Past Projects

The below projects are a sampling of my work and include websites and online educational resources, tours, events, exhibits, and more.

  • The Big Three Website is an online resource with information on the history of The Big Three of golf: Gary Player, Arnold Palmer, and Jack Nicklaus. The website details the history of the moniker, the relationship among the three men, their golf career records and includes image and video galleries, advertisements, and more from the archives. Website is available at


  • The Ian Player Website in an online resource with information regarding Dr. Ian Player and his career in environmental conservation. Website content draws on the Ian Player Archives, including images, audio, and documents. Website available at


  • Tobacco Farm Life Museum’s Candlelight Tour is a special seasonal educational program including a guided tour of the museum’s historic structures at night, family activities, and entertainment, focusing on winter and holiday farm life and traditions. I researched and wrote the tour, planned accompanying activities and entertainment, recruited volunteers, marketed and staffed the event’s first run. It has continued for 3 more years so far.

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  • My Masters thesis about the interpretation of women’s history in museums is available here: 
  • Celebrating Honors College: 50/20 Years is a small exhibit designed in collaboration between University Archives and Honors College. The exhibit traces the path of honors from Departmental Honors to the Honors Scholars Program to the Honors College of today. The exhibit is part of the commemoration of two anniversaries of the honors program: 50 years of Departmental Honors and 20 years of the Honors Scholars Program. The exhibit showcases major milestones in the history of Honors and illuminates the wide variety of activities and opportunities the Honors College has sponsored over the years. I researched, selected objects, and wrote labels for the exhibit. I wrote a blog post about the exhibit for the Archives blog which can be read here:


  • The Still Standing project began with visitor evaluation and culminated in an exhibit on the history and preservation of slave dwellings. I worked with a team to compile visitor data from surveys conducted at the Bellamy Mansion Museum and focus groups conducted with a variety of interest groups. The amassed data was used to write a visitor evaluation report with recommendations for important themes and topics to be addressed in the upcoming exhibit. View my report here: Still Standing Visitor Evaluation Report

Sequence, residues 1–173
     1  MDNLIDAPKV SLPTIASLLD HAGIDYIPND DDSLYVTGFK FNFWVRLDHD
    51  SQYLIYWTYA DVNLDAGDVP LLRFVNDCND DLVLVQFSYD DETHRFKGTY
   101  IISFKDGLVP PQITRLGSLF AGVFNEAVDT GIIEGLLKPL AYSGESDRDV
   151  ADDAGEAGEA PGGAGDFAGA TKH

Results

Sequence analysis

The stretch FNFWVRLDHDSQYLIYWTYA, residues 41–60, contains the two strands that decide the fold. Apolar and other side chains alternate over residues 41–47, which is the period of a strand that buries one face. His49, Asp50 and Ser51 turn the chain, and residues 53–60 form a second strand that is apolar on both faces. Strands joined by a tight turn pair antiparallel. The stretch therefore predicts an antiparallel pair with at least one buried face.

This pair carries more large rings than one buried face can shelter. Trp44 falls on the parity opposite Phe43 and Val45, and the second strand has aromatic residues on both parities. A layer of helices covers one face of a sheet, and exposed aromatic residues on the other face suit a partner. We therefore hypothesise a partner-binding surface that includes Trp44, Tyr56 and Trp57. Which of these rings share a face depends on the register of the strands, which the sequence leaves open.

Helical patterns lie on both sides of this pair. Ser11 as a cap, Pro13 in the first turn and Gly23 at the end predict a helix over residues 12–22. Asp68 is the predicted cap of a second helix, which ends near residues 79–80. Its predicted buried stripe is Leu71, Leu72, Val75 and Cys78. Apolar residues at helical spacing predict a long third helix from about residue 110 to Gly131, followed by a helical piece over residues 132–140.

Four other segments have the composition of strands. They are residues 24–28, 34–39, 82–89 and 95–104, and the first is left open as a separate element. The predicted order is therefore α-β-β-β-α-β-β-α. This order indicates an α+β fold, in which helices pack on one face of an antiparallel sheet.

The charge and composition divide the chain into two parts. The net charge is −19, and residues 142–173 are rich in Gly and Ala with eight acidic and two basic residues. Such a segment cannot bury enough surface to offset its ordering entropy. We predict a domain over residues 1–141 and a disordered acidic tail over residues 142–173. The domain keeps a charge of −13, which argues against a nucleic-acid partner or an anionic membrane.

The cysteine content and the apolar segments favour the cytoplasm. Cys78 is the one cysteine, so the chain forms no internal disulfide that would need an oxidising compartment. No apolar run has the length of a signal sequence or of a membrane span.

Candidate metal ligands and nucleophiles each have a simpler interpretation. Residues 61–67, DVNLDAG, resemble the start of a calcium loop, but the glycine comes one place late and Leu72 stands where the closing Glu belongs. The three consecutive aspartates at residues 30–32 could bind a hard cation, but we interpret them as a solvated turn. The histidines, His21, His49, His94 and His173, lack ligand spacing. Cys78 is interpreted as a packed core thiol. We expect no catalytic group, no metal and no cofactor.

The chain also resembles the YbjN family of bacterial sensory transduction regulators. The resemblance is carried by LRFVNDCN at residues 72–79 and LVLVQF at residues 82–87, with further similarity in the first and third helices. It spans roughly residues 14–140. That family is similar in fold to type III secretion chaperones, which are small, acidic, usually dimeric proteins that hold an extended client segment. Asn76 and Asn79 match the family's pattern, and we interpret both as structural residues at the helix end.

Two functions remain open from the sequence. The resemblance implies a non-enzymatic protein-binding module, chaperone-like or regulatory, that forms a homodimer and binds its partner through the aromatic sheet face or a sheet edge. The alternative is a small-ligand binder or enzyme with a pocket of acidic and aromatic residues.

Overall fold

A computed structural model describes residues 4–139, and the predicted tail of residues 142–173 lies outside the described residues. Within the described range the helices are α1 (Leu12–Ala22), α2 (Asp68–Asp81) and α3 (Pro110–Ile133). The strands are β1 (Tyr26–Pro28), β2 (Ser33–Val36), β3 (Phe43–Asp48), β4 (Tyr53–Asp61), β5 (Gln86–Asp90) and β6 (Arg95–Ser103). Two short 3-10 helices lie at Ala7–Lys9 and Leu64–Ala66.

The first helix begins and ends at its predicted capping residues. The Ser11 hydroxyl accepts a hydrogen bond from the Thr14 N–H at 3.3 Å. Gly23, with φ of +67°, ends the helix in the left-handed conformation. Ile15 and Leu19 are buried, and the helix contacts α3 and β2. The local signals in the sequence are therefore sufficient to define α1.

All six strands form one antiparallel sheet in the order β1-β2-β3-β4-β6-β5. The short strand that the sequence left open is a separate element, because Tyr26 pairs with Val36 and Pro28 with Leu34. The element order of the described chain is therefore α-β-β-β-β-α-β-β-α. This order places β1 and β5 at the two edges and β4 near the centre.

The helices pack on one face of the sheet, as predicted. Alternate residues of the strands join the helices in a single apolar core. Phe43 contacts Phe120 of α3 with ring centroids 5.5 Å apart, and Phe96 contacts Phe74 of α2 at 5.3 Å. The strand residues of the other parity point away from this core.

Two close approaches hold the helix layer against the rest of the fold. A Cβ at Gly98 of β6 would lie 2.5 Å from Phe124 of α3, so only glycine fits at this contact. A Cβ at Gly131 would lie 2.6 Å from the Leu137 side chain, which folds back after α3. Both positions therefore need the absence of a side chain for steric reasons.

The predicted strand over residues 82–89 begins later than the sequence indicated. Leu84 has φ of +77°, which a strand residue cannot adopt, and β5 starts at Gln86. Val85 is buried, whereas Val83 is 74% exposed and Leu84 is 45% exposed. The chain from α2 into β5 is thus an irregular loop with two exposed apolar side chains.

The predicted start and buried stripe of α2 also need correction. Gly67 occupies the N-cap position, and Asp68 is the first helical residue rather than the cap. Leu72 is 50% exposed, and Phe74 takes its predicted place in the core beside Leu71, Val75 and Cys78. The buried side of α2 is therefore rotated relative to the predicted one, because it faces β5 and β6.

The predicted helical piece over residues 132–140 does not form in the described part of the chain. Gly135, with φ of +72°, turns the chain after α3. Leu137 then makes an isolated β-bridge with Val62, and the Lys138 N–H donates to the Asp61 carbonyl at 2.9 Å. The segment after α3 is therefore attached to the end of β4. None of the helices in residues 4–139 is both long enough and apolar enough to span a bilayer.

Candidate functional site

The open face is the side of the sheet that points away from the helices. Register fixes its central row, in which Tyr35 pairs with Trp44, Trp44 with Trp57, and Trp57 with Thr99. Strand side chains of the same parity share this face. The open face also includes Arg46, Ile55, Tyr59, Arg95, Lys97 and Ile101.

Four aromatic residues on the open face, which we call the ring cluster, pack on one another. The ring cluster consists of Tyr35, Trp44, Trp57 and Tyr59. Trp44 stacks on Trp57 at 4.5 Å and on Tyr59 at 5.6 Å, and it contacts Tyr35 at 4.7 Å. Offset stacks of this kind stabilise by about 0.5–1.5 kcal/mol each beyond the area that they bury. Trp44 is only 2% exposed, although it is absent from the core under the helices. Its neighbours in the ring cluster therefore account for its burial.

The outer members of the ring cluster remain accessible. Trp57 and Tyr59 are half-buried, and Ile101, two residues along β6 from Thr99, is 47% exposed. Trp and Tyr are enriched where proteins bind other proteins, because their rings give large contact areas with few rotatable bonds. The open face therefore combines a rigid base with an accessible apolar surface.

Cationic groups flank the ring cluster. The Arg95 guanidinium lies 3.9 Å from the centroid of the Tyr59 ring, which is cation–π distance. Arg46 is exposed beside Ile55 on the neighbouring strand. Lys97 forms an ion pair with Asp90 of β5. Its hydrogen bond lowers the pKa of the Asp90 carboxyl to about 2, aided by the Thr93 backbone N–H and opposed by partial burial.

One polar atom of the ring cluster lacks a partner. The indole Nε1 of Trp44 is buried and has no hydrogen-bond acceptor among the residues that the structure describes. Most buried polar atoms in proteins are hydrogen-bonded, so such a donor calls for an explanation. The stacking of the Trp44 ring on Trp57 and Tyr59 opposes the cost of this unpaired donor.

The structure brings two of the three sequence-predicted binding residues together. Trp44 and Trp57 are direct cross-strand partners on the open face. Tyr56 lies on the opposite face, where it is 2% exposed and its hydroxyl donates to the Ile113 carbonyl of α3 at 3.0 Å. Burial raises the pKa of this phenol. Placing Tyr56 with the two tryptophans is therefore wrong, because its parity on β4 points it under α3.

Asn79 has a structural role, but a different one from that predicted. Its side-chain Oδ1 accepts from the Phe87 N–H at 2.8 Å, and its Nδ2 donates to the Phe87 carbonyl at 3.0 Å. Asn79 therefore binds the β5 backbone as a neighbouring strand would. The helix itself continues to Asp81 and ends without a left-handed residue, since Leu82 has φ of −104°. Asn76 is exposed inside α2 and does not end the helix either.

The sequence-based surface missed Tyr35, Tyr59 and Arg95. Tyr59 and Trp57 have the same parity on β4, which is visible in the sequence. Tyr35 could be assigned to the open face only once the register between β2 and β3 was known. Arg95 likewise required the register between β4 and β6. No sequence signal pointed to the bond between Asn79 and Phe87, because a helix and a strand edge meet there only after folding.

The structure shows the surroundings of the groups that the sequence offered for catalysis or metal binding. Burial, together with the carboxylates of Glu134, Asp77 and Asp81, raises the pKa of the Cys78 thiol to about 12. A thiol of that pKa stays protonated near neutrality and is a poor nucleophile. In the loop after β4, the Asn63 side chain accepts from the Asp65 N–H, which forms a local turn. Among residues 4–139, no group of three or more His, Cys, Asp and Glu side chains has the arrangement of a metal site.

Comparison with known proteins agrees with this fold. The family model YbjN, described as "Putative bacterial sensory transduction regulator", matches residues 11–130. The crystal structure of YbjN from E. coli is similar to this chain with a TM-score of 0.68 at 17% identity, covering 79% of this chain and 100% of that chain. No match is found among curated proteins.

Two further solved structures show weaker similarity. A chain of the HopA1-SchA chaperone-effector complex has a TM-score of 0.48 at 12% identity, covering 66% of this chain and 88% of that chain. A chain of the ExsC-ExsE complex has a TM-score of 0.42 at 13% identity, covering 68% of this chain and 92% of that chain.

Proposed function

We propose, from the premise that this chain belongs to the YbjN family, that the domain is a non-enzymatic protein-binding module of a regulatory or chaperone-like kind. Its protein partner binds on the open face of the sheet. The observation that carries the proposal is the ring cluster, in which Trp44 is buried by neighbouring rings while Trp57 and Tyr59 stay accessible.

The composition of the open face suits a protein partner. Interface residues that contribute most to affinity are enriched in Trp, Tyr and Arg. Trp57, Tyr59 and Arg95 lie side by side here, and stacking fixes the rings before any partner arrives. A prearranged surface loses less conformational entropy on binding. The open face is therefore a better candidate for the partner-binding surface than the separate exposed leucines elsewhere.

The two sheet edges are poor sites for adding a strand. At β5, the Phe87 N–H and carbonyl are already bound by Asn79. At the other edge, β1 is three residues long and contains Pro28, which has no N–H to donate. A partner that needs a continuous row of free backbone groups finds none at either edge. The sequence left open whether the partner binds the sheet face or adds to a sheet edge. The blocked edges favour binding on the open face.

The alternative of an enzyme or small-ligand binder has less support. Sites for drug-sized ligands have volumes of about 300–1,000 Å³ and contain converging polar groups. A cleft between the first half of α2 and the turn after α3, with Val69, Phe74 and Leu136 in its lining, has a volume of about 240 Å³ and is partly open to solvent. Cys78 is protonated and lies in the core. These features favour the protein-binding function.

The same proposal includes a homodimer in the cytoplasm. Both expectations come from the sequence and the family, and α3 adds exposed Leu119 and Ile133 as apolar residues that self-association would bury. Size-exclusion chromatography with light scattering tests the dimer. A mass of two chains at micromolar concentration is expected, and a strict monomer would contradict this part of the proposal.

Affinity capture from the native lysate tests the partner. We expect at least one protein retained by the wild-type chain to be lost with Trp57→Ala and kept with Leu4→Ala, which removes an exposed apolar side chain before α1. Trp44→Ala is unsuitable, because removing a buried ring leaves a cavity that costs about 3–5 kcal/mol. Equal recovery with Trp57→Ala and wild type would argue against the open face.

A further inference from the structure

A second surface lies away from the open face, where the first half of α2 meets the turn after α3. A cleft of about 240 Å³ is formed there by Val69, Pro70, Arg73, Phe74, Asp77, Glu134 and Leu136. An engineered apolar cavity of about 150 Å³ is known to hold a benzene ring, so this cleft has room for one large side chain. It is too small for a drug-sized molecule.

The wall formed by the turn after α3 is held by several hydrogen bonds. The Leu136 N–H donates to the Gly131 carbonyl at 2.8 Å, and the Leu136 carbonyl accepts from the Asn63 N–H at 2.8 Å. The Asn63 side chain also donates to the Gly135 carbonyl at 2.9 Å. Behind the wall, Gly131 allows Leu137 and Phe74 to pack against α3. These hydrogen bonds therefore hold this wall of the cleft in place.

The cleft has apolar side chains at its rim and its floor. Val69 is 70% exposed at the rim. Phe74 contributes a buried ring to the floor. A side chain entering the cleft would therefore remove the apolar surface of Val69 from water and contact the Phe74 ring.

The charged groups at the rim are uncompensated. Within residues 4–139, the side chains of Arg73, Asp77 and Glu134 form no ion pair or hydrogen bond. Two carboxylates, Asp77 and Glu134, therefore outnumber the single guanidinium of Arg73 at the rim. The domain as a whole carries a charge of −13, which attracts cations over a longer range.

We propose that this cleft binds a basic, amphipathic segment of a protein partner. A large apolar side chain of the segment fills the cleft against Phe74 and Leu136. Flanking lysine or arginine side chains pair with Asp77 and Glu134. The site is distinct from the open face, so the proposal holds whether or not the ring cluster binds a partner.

• The Volga to Cape Fear project focused on Eastern European and Russian migration to the Cape Fear Region in the 20th century. The purpose of this project was to ensure that the historical resources that tell the stories of this migration to the Cape Fear Region are not lost to time. A material culture survey, an oral history project, and additional research were used in designing and fabricating a travelling exhibit. The exhibit, entitled, “Push and Pull: Russian and Eastern European Migration to the Cape Fear Region,” opened April 29th in UNCW’s Randall Library. The exhibit remained there until September 2014 at which point it traveled to the Pender County Public Library where it was on display through January 2015. The exhibit won honorable mention from the National Council for Public History for student projects. Clips from the oral histories used in the exhibit are available here:
  • A presentation I gave about women’s history in museums and historic sites is available here: Add Women & Stir?

A few other small projects from my college years are available below:

  • I wrote a short article about the Hudson-McDade-Merritt House for the Town of Chapel Hill’s off-campus student newsletter, The Tar Heel Citizen Times. The article was edited by Cheri Szcodronski, director of PCH. Article was originally here:
  • I created a mock up exhibit for Dr. Eve Duffy’s course, History 262: The Holocaust. My exhibit was on resistance during the Holocaust and centered around the testimony of one survivor. Using her memories and specific life story, I placed her experiences in the context of resistance more generally. The exhibit also brings in other primary sources, images, and artifacts that could be used to tell the story of resistance during the Holocaust. View the mock up exhibit here: Like Sheep? Hope vs. Resistance in the Ghetto (opens as a PowerPoint file).
  • I curated an online exhibit about the adaptive reuse of the Horace Williams House, the headquarters of the Preservation Society of Chapel Hill, for the society’s 40th Anniversary. The exhibit can be viewed as part of the 40th Anniversary website co-developed with fellow intern Ben Stewart: (link no longer live)
  • I wrote a primary-source research driven paper for one of UNC’s history major capstone seminar courses. The particular seminar course I took was on sex and gender in Early America. My paper is entitled “Conquest, Conversion, and Concubines” and is about the intersection between race, religion, and gender in the Spanish conquest of Mexico. You can read the paper here: bullock_conquest_conversion_concubines.